Heather Martin '07
While the profit motive is critical to business success, Martin strongly believes that there is “something beyond money” that must drive the business forward to success. Her motivation is to help business owners strategize from a new perspective that helps propel them to the next level.
“I like to help business owners do more than just think outside the box; I help them Crush the Box,” she says. “I do this by working with them to understand their business, sales process and their limitations in both processes and belief systems that keep them from moving forward. Once we’ve figured that out, we can unlock and unleash a tremendous amount of positive energy toward developing the growth of the business.”
In addition to launching her consulting firm, Martin recently published her first novel, Reclaiming Konia: A Tale of Love, Loss and the Armenian Genocide, a work of historical fiction based on the life of her great-grandfather, Melkon Jenanyan.
Tell us more about your new book.
My book, Reclaiming Konia: A Tale of Love, Loss and the Armenian Genocide, is a historical fiction novel based on the life of my great-grandfather who fled Turkey before the genocide in 1915. It takes place against the backdrop of the Ottoman Empire in the late 1800s as my great-grandfather, Melkon Jenanyan, becomes an ordained Christian Minister and missionary. Around 1894, the Ottoman Sultan Abdul Hamid II massacred upward of 300,000 Armenians in one of the first waves of violence over the next 20-plus years. Melkon married his wife Semma in Philadelphia, yet even with the awareness of violence, returned to the Ottoman Empire at the turn of the century to preach the word of God and open the first Protestant church. As they grow their family in a turbulent environment, they must decide to remain or flee, and inevitably determine the values that drive their life’s meaning.
How did you find out about the EMBA program at NJIT?
NJIT is a well-known institution in the state of New Jersey. I worked as the vice president of sales for a local environmental consultant, and we often looked for engineers graduating from NJIT to come work for us. In addition, as part of a networking event at NJIT, I met the dean of the School of Management at the time: Mark Somers. I appreciated the fact that he was focused on technology, but was completely down to earth. I’ve never been one to focus on standardized tests and the dean made it clear that the process of thinking independently within the framework of the education given at NJIT would be more critical than my test scores.
What made you choose NJIT’s EMBA program above others?
NJIT’s EMBA program has many advantages. First, I appreciated the intimate class size as a way to build strong teams, forge alliances and garner the needed time and attention from professors. The program is also very flexible—the thought of taking a year or two off work and incurring debt to pay for an MBA was not in my plans. But with the EMBA, I was able to work full time in my executive position while getting my master’s. I know many other colleagues in the program had high-level positions or ran their own businesses while completing the program. The third reason was the cost. Getting an MBA is an investment, but there is often no guarantee of income going forward. To garner the needed skills, education and contacts at an affordable rate with NJIT’s program allowed me to get the best ROI. I don’t care what people tell you; spending $100 grand on a master’s degree is not a good investment.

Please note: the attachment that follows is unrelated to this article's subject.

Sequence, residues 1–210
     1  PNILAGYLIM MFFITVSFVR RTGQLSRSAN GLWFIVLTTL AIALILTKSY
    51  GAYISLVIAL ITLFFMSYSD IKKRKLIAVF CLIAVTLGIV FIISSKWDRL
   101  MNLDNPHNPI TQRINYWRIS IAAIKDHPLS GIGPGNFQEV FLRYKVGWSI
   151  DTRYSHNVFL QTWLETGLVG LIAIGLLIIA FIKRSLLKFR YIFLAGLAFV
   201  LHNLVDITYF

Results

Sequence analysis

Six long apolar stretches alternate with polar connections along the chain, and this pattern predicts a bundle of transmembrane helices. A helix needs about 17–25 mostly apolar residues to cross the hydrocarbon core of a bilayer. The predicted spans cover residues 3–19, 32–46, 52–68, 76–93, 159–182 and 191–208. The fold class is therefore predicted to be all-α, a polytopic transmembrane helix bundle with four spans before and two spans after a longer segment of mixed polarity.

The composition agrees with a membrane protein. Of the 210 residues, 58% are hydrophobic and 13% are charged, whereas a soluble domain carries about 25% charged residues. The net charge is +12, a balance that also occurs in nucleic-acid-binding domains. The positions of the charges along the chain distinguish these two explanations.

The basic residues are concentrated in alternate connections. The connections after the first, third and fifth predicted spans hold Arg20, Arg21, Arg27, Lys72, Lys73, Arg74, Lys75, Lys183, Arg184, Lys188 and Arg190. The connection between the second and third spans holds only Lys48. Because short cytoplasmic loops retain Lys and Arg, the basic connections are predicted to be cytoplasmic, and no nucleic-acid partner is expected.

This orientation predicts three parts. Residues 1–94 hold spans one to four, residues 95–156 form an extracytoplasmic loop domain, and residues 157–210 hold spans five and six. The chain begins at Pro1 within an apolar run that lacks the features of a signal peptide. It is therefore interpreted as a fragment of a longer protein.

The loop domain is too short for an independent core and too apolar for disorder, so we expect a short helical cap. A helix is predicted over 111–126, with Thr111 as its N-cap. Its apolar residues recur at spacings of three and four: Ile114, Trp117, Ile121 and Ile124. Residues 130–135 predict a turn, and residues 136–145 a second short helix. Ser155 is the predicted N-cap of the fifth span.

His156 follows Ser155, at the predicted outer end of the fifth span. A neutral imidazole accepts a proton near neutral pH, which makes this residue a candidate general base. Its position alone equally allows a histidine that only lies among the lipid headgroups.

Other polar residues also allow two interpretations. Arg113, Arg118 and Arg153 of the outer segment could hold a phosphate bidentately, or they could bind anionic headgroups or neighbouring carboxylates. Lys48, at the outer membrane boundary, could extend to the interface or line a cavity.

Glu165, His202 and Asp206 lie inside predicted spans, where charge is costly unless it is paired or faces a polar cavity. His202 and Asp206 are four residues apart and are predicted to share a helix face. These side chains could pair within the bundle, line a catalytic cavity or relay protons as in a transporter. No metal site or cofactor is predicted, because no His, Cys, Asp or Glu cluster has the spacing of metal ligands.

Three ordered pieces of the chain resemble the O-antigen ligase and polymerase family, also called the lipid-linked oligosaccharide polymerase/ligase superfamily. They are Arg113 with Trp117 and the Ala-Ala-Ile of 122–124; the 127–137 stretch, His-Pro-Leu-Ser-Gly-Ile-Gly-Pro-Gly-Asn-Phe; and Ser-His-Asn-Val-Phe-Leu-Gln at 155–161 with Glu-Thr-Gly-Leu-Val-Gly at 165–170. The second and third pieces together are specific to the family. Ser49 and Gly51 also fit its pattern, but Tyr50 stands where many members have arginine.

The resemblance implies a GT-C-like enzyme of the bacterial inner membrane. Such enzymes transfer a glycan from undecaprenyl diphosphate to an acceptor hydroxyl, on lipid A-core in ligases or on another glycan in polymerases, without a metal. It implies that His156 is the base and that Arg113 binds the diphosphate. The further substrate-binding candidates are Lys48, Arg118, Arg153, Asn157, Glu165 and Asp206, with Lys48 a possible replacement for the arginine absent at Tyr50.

How did the EMBA program help you in your current career path?
The EMBA program helped me in two critical ways. First it created a set of relationships with intelligent people in many industries who I could reach out to at various stages in my career for input, advice and assistance. To this day, I am still in touch with a handful of my colleagues to discuss ideas or business ventures. The second thing it gave me was a set of tools for thinking, framing conversations, and understanding a wide breadth of businesses—from small entities to large corporations, as well as the lingo, skills and methodologies being used in those companies to drive a business toward success.
What would you advise current students who are considering a similar career path?
I would encourage students on all paths to think about what they want in terms of work—their contribution to an organization—as well as the balance in their lives and their desired income. Without a goal, it is difficult to score. Even with one, it can be challenging. For those who are on the entrepreneurial path, I would remind them that the MBA and the partnership with their alumni is one important tool in their toolbox.
Forge relationships with the professors and the students in your classes, because careers these days are not linear. Gone are the days where you move up the ranks of the same organization and retire from that same company 30 years later. The key for our generation is flexibility and creating a new set of rules within an ever-changing framework in the marketplace. The skills and contacts from NJIT’s EMBA program can augment the skills you will need to have anyway: tenacity, enthusiasm, creativity and persistence. Don’t be afraid to forge your own path—it is less traveled—but takes you to a far more interesting place.
By Christina Crovetto